I spent several days visiting and praying with this woman whose baby died in her arms just hours after being born.  The last time I saw her, she asked, "Jesus brought Lazarus back from the dead. Why won't he do the same for my little girl? I'm pretty mad about that--am I going to hell? If I do, will I ever see my baby?"
After I swallowed a river of tears and assured her that she was not hell-bound for being mad at God, I located the Bible in her room (thank you, Gideonites!) and started reading John 11. I even took time to explain about the Book of Signs and why Jesus raised Lazarus in the first place (can you say pedantic pastoral care?). When we got to the part where "Jesus wept", the woman stopped me.
"Do you think Jesus is weeping for my baby?"
"Yes, he's holding her now and weeping for her and for you."
That seemed to be what she needed to hear. But it probably isn't what I'll preach about on Sunday. Or maybe I will preach about Jesus weeping, without using that story.
  • Martha, Mary, and people all ask, “Couldn’t he have kept him from dying?”  How often have we asked the same question?  How often is bargaining a part of our grief?  Can God prevent death? Can or Does God intervene to stop tragedy, or does he show up late and pick up the pieces?
  • Raising of Lazarus is final act revealing that Jesus is life.  It is done in full view of public, and reaction to his life-giving ministry is death.  Death always follows life, but with Jesus, death is not the end of the story.
  • Little rejoicing.  Sometimes we are too shocked at something to react.  In this story there are simply some who believe and follow, and some who report what happened to the Pharisees.  Jesus’s life and ministry forces you into response.  
  • What are you inviting people to “Come and see.” Are you inviting people to come and see the new life, or to come and see death.

  • It might be a stretch, but: Five Stages of Grief:

    • Denial - Jesus waiting to leave.

    • Anger - Jesus is “deeply disturbed”

    • Bargaining - Sisters lamenting, “if only Jesus had gotten here sooner.”

    • Depression - Jesus weeps

    • Acceptance - Some believe in Jesus, fulfillment of Jesus’ mission and self-revelation.

Psalm 130 Out of the depths

Initial thoughts

Bible Study

  • v. 1 Out of the Depths
    • From the valley of the shadow of death?
    • From the drone of everyday-ness?
    • From deep tragedy - cancer, divorce, loneliness, etc?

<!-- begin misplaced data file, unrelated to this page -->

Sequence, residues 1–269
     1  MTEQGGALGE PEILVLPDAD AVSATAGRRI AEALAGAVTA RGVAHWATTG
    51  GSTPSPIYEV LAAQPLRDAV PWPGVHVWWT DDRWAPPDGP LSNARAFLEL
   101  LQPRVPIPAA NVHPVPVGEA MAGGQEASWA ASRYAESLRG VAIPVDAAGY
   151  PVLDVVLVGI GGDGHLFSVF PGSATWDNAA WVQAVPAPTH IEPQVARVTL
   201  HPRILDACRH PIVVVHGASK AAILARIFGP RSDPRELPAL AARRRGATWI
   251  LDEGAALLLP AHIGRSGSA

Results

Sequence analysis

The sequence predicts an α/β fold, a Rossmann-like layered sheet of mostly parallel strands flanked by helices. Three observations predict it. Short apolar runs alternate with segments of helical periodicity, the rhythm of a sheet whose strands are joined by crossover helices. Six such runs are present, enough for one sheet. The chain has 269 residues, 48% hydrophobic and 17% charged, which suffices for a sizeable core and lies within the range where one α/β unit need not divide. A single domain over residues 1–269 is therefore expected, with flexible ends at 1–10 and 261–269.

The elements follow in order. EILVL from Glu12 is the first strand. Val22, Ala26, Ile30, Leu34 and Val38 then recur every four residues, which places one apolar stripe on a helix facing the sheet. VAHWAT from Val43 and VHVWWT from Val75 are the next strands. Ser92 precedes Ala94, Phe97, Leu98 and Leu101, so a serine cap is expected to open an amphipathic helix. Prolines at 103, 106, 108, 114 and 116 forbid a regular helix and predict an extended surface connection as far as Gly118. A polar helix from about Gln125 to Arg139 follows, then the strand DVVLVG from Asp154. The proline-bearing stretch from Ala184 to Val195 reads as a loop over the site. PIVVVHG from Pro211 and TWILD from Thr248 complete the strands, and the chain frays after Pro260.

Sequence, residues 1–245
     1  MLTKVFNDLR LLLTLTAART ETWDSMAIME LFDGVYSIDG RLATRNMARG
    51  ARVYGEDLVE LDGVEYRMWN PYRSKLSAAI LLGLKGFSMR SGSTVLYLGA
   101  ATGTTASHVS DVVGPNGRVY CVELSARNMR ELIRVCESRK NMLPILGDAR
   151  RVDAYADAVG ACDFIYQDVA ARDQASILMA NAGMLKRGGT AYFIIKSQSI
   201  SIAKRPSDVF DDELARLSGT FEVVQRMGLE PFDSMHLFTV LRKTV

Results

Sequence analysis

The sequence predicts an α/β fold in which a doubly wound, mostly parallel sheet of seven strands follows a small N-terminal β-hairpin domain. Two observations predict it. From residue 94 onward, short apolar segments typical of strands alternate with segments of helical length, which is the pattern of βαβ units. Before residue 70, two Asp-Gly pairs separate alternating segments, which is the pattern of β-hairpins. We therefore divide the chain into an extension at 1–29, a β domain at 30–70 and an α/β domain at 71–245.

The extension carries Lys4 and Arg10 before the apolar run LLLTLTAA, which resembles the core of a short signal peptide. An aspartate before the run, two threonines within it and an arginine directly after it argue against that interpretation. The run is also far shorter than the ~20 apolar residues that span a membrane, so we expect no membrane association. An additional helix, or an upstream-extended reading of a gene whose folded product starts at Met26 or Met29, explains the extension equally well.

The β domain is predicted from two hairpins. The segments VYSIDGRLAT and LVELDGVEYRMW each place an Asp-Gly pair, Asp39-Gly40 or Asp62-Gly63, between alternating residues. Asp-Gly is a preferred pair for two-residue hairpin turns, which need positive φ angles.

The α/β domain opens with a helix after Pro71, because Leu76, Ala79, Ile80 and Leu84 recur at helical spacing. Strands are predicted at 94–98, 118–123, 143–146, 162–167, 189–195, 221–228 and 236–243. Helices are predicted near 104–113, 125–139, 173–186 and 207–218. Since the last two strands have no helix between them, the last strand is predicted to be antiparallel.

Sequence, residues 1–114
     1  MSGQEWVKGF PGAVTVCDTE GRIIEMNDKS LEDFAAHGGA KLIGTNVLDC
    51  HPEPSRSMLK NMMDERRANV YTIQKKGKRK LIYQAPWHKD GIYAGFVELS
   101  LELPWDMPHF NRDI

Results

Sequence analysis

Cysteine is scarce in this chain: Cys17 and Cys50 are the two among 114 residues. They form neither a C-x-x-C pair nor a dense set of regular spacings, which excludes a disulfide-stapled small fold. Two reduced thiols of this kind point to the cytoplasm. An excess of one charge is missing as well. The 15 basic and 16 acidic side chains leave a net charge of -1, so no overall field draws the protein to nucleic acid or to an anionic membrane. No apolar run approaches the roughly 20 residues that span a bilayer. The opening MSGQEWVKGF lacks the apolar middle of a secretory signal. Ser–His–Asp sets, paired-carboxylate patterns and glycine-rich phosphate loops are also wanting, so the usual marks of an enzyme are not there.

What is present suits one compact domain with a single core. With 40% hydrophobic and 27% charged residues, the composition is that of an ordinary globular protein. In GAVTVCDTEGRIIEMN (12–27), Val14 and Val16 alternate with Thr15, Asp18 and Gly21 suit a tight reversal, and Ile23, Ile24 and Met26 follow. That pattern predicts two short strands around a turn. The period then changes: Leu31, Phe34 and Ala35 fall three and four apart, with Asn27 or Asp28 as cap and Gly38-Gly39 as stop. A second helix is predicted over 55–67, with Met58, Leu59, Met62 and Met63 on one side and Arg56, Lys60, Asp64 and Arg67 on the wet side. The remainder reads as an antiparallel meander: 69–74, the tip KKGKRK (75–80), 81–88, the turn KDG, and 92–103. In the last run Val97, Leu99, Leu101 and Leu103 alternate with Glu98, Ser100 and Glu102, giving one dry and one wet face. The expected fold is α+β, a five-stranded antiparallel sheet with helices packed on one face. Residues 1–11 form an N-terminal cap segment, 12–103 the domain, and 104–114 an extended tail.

• The death of a friend Jesus - Lazarus) or a brother (Mary and Martha - Lazarus)
    • Psalmist does not leave or refuse to interact with God, but even in the depths- cries out
  • Issues of timing
    • Our time vs God’s time - when it matches up and when it doesn’t
    • Harold Camping - May 21, 2013
    • “Here is a family separated by the obligations of military service, waiting for a beloved daughter to return. Here is a widow waiting for her home to sell, so she can move closer to her son and grandchildren. Here is a patient waiting for a lab report. Here is a man who has betrayed his wife, asking, praying, waiting to be forgiven. The preacher lifts up such waiting, not in order to tell people how they should wait, but to assure them that the pastor, the church, the psalmist, and the resurrected Lord all wait with them!” (Thomas E Mcgrath, Feasting on the Word: Preaching the Revised Common Lectionary - Feasting on the Word – Year A, Volume 2: Lent through Eastertide.)
    • Active waiting: cry, hear, mark, watch, hope, redeem - active words in the midst of waiting
  • v. 4 - Forgiveness
    • Forgiveness is central to what IS known about God
    • Weird phrasing “there is forgiveness with you”
      • not simply about who God is
      • About who we are when we are “with” God
  • Individual and Community
    • We all sin - v.3 sometimes individually and sometimes corporately
      • It is easier to sin as a church, country or community - in other words we allows institutions to get away with things that we consider unacceptable for individuals to do.
    • Waiting is isolating- v. 7 and 8 remind us of the corporate nature of waiting.
      • Waiting with
      • Active waiting can be the most vital ministry

Preaching Thoughts and Questions

  • What are you waiting for?
  • What is the church waiting for?
  • What does it mean to actively wait for God?